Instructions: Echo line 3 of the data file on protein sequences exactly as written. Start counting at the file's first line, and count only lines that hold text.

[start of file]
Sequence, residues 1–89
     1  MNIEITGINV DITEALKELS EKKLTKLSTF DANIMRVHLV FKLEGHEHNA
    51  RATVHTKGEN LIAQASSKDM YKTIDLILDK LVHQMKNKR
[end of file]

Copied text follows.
    51  RATVHTKGEN LIAQASSKDM YKTIDLILDK LVHQMKNKR